Paint the “flap” of the envelope with a film of egg, then roll another turn or turn and a half away from you to complete the springroll shape. Place the springroll flap down on the baking sheet to insure the seal.
Once all the springrolls are made, proceed quickly to fry them, lest the wrappers get soggy. At most, refrigerate them for 1 hour, uncovered.
Have the springrolls, a large Chinese mesh spoon, and a jelly-roll pan or baking sheet lined with a triple layer of paper towels all within easy reach of your stovetop. Put a serving platter of contrasting color in a low oven to warm, and ready the sauce in a small bowl.
Heat a wok or a large, heavy skillet over high heat until hot. Add oil to a depth of at least 1½ inches, and heat to the light-haze stage, 350° on a deep-fry thermometer, when the end of a springroll bubbles immediately when dipped in the oil. Slip the springrolls one by one into the oil, adjusting the heat to maintain a steady temperature so that each springroll comes to the surface within several seconds surrounded by a crown of white bubbles. Add as many springrolls as can float in one layer on the surface, frying in 2 batches if necessary. Fry until the springrolls turn golden and float high on the surface of the oil, turning them once or twice to insure even coloring, about 3–4 minutes in all. Remove immediately to the paper-towel drain, then shake the tray gently to blot up excess oil. Do not let the springrolls brown too darkly in the oil, as they will turn a shade darker from their own heat once they are on the tray.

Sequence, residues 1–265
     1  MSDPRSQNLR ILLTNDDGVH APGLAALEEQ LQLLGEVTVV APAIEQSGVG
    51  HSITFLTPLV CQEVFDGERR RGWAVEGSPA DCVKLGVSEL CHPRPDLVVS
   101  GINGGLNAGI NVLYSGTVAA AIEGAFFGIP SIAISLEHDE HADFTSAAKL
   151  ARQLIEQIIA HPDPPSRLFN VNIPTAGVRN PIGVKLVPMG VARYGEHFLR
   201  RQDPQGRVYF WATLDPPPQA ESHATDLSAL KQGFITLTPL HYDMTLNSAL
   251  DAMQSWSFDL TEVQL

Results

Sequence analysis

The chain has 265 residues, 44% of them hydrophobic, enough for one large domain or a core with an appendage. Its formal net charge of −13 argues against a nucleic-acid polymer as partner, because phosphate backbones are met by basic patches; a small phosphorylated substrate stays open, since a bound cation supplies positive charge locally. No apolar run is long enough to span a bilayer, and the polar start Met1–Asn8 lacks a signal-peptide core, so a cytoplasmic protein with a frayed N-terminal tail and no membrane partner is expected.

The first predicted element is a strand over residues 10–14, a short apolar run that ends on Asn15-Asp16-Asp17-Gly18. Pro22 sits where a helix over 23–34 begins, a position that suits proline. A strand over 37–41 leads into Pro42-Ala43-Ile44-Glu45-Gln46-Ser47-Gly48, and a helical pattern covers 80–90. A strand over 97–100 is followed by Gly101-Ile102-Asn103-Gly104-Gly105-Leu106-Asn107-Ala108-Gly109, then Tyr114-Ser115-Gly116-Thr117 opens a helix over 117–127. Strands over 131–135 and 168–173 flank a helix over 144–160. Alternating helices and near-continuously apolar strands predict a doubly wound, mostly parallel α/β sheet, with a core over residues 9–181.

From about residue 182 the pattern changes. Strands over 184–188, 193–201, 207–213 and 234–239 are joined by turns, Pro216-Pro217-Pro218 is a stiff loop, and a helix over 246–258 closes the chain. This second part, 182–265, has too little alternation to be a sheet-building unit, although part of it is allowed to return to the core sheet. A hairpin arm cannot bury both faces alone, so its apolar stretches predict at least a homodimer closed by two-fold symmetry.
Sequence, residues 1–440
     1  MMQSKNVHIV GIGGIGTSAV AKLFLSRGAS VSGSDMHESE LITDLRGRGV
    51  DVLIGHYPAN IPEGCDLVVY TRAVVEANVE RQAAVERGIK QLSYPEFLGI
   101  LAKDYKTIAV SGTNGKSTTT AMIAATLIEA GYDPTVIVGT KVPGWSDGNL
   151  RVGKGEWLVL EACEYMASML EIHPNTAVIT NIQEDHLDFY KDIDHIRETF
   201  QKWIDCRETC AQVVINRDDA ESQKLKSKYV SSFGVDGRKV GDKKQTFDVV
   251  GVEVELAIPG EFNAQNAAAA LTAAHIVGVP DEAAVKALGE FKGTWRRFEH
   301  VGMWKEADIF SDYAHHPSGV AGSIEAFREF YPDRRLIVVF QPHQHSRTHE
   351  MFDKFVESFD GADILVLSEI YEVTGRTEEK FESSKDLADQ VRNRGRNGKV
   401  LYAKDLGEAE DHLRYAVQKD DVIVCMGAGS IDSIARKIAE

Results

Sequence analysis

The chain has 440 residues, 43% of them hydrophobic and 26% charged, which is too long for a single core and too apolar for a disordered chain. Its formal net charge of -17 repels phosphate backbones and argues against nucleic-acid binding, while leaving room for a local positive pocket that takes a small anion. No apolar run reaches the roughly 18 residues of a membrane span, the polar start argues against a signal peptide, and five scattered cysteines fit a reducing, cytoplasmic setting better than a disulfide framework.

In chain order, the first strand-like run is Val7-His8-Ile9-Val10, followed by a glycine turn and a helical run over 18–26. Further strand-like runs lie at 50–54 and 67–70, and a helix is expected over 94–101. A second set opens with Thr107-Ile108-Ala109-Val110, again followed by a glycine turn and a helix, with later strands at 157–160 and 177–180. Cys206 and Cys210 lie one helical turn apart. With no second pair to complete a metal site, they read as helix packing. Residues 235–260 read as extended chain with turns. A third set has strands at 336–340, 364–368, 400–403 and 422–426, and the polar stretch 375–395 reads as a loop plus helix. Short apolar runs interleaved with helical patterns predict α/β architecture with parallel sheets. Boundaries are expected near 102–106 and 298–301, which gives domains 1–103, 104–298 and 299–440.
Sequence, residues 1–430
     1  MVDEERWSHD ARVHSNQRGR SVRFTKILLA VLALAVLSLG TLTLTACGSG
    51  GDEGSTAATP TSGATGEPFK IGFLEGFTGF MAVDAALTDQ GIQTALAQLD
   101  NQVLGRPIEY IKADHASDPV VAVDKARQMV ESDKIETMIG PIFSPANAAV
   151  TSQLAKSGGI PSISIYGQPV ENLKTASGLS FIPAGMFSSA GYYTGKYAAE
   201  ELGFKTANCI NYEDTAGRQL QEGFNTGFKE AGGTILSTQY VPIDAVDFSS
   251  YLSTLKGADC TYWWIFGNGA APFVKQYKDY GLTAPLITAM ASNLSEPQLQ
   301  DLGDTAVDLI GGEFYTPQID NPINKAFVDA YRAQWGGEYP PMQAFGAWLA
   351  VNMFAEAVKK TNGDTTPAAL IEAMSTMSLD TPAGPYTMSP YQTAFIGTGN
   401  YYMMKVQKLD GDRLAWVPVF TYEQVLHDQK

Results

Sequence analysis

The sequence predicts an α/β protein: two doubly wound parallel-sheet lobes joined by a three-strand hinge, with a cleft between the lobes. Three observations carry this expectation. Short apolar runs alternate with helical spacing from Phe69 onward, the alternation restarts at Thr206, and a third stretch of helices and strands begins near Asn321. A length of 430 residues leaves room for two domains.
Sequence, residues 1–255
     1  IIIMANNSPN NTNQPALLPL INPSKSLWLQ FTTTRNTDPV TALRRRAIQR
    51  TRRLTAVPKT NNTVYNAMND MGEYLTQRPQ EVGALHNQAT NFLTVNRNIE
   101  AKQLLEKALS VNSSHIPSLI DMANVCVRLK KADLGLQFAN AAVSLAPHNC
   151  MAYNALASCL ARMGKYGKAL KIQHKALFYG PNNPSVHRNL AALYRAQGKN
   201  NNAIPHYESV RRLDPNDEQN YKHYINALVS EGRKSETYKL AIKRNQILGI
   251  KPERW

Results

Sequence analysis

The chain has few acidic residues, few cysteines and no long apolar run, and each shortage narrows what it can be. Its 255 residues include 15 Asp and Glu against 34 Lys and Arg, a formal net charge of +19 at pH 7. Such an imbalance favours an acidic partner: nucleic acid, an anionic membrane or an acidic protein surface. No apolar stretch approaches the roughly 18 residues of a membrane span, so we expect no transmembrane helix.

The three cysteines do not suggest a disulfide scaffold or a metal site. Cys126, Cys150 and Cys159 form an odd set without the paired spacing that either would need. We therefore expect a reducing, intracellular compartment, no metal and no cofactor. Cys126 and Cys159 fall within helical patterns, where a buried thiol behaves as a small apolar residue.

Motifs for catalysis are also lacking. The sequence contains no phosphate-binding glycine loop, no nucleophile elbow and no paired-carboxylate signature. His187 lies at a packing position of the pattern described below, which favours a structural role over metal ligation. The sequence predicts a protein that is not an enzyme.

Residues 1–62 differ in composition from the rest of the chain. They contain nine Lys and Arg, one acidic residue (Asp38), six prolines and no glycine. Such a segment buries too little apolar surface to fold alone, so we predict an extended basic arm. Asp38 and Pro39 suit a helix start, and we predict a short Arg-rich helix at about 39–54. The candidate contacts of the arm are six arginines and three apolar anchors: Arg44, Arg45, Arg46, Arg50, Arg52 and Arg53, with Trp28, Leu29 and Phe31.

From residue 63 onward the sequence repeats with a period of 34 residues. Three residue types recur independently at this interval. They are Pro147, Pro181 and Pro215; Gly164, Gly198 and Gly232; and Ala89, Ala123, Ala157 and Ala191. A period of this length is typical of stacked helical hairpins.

For a second batch, allow sufficient time for the oil to regain its original temperature, and retest with an uncooked springroll. While the second batch fries, the first batch can be kept in a 250° oven on the paper towel drain. Do not hold them for more than 10 minutes, or they lose their fresh-fried taste.
Arrange the springrolls attractively on the platter, coriander side up. (The Chinese habit is to stack them like gold bars, in alternating layers.) Serve with the mustard sauce, inviting the guests to pick up a springroll with their fingers and dip it in the sauce. Bite down slowly; the springrolls are blazing hot.
If you are not a mustard fan, you may also serve the springrolls with the typical northern dipping sauce, a mixture of 1 tablespoon thin (regular) soy, 1½ teaspoons white or rice vinegar, and ¼ teaspoon sesame oil or sesame-based hot chili oil.
Leftover springrolls grow greasy with reheating, so eat them while they’re fresh.
© 1982 Barbara Tropp estate. All rights reserved.